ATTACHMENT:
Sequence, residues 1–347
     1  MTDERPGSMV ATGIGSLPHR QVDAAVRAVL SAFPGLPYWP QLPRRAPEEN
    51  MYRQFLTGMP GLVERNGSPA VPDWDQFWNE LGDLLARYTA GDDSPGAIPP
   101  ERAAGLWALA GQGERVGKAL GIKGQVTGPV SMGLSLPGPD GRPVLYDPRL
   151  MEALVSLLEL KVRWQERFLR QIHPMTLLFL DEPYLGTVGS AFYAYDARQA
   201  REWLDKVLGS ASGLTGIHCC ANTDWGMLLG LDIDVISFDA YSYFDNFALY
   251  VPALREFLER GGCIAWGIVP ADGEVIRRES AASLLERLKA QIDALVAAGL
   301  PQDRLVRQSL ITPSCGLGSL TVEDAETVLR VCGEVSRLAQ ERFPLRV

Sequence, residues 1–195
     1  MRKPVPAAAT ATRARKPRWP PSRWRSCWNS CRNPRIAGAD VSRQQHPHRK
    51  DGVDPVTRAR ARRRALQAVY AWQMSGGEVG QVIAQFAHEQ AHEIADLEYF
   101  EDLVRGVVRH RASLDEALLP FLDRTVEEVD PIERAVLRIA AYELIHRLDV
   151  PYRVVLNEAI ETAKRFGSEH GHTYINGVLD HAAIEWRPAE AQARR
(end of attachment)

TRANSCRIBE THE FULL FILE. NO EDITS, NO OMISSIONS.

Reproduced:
Sequence, residues 1–347
     1  MTDERPGSMV ATGIGSLPHR QVDAAVRAVL SAFPGLPYWP QLPRRAPEEN
    51  MYRQFLTGMP GLVERNGSPA VPDWDQFWNE LGDLLARYTA GDDSPGAIPP
   101  ERAAGLWALA GQGERVGKAL GIKGQVTGPV SMGLSLPGPD GRPVLYDPRL
   151  MEALVSLLEL KVRWQERFLR QIHPMTLLFL DEPYLGTVGS AFYAYDARQA
   201  REWLDKVLGS ASGLTGIHCC ANTDWGMLLG LDIDVISFDA YSYFDNFALY
   251  VPALREFLER GGCIAWGIVP ADGEVIRRES AASLLERLKA QIDALVAAGL
   301  PQDRLVRQSL ITPSCGLGSL TVEDAETVLR VCGEVSRLAQ ERFPLRV

Sequence, residues 1–195
     1  MRKPVPAAAT ATRARKPRWP PSRWRSCWNS CRNPRIAGAD VSRQQHPHRK
    51  DGVDPVTRAR ARRRALQAVY AWQMSGGEVG QVIAQFAHEQ AHEIADLEYF
   101  EDLVRGVVRH RASLDEALLP FLDRTVEEVD PIERAVLRIA AYELIHRLDV
   151  PYRVVLNEAI ETAKRFGSEH GHTYINGVLD HAAIEWRPAE AQARR